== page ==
The coronavirus pandemic has already impacted the 2020 season for Western Michigan football.
Western Michigan was scheduled to open the upcoming football season against Colgate on Sept. 4. However, the Patriot League, Colgate’s conference, mandated late last month that all of its member schools not be permitted to travel by air or stay overnight in another locale. As the distance between Hamilton, NY, to Kalamazoo, Mich., is nine-plus hours, that opener was certainly in jeopardy.
This week, Western Michigan confirmed that it will now open the 2020 college football season against Stony Brook. The game will still be played Sept. 4 at Waldo Stadium, the football home of the Broncos.
“We are looking forward to opening the 2020 season with Stony Brook,” WMU head coach Tim Lester said in a statement. “We know coronavirus has changed, and will keep changing, how we operate this season. We will continue to operate with an abundance of caution for the safety and well-being of our student-athletes, staff members, fans and WMU community.”
It should be noted that Syracuse is also supposed to open its home schedule Sept. 19 against Colgate. It’s unclear if that game will be played, although distance certainly isn’t as much of an issue as it was for Western Michigan.
WMU is coming off a second consecutive 7-6 season under Lester, who will be entering his fourth season with the Broncos. That 2019 campaign also included narrowly missing out on a berth in the MAC championship game.
The Oklahoma State football depth chart has seen its offensive line take a significant hit. But, hey at least it’s not some of the other headlines the school has seen of late.
In a text message to SI.com this week, Dylan Galloway revealed that he has decided to retire from the sport due to injuries. The offensive lineman has dealt with multiple shoulder injuries the past couple of seasons as well as a right leg injury last season.
Galloway will be leaving the Oklahoma State football team and Stillwater as a graduate.
“I’m done with football,” Galloway told the website. “I was getting hurt so much and I felt like all of my injuries were piling up to where they were effecting me too much on and off the field.”
Galloway was a three-star member of the Oklahoma State football Class of 2016. As a redshirt, the Dallas native took a redshirt.
All told, Galloway played in 31 games during his time with the Cowboys. He started five games at left tackle in 2018 and another nine this past season. The 6-5, 297-pound lineman missed three games in 2019 because of the injury to his right leg.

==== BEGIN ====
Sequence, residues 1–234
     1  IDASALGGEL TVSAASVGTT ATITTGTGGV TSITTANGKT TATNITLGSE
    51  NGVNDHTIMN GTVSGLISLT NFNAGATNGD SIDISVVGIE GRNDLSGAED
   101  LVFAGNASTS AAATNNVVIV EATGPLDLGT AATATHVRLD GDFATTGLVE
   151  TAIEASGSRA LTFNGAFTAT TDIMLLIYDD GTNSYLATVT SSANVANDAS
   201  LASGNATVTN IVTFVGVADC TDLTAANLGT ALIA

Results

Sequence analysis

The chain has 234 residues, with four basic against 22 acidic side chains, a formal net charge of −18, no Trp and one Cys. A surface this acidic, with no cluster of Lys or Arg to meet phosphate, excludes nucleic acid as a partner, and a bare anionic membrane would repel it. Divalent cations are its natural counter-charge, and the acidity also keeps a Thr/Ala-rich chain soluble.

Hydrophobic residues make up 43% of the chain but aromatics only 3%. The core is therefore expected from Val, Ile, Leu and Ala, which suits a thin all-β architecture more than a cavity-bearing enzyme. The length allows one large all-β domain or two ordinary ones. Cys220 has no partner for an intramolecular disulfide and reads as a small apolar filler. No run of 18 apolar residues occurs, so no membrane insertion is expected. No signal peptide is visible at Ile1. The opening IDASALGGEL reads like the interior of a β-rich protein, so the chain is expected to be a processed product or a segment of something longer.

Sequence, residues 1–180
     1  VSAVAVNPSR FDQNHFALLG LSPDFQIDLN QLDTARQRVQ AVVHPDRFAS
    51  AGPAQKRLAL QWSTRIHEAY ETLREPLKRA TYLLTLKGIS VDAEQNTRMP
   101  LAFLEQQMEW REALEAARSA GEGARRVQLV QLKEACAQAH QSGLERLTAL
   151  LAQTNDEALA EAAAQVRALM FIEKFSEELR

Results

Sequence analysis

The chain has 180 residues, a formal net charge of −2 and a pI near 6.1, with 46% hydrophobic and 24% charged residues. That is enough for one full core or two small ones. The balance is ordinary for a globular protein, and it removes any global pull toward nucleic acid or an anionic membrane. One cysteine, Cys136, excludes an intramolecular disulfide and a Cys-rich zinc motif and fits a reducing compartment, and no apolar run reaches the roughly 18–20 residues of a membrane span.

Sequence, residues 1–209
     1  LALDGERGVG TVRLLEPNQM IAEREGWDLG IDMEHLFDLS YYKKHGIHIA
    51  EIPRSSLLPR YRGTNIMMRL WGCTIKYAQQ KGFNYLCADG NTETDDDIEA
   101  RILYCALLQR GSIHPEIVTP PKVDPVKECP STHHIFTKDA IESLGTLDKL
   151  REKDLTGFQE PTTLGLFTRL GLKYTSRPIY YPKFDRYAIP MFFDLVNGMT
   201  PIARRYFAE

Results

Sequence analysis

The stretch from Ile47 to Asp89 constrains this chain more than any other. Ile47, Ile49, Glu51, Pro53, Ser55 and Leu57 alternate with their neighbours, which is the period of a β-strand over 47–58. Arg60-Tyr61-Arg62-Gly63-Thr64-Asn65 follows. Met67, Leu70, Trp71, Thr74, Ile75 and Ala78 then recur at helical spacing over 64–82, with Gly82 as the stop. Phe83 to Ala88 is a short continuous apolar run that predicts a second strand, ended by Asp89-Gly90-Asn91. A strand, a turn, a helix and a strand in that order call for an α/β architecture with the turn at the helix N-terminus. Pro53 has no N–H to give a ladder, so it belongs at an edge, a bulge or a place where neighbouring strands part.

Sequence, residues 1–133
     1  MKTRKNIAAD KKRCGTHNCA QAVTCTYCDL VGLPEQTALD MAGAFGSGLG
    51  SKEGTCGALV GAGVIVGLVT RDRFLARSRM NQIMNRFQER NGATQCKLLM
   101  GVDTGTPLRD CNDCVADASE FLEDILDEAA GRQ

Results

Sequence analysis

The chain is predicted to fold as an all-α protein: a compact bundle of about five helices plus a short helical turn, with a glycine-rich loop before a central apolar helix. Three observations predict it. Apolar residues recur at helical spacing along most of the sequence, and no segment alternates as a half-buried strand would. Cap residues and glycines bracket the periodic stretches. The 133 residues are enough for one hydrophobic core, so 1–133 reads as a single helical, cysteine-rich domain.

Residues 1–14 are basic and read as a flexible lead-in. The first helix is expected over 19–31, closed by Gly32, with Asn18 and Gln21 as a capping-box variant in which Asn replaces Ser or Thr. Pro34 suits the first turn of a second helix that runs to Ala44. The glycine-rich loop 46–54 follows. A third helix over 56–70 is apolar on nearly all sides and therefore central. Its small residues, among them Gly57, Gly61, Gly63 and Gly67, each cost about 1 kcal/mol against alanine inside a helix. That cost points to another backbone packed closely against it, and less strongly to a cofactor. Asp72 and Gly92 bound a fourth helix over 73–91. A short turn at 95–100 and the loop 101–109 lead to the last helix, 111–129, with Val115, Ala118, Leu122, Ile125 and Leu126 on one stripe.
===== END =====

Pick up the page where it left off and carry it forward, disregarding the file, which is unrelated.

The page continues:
As noted by SI.com, “[t]he Preseason Athlon’s College Football Preview has Galloway listed as second-team All-Big 12.”
Toledo is the new home for a former Michigan State football assistant. Reportedly.
When Mel Tucker took over for Mark Dantonio earlier this month, the former Colorado head coach retained just two of his predecessor’s assistants, Mike Tressel and Ron Burton. Two other former Dantonio assistants, Terrence Samuel and Paul Haynes, took jobs at UNLV and Minnesota, respectively.
This week, it’s being reported that a third former Dantonio assistant has landed on his coaching feet as Mark Staten is now a member of the Toledo football staff. Staten is expected to coach tight ends and offensive tackles for the Rockets.
Interestingly, Michigan State is set to host Toledo on Sept. 19 of the college football season.
If the hiring comes to fruition, it will mark the first time since 2003 that Staten is not part of a Dantonio-led coaching staff. From 2004-06, Staten was at Cincinnati. He spent the past 13 seasons at MSU. From 2007-10, Staten coached tight ends and offensive tackles for the Spartans. Staten moved to offensive line coach in 2011, a position he held until 2018. Amidst a reshuffling of Dantonio’s offensive staff, Staten became tight ends coach for the 2019 season.
Prior to Michigan State and Cincinnati, Staten had served as a graduate assistant at Ohio State (2002-03) and Miami of Ohio (2001).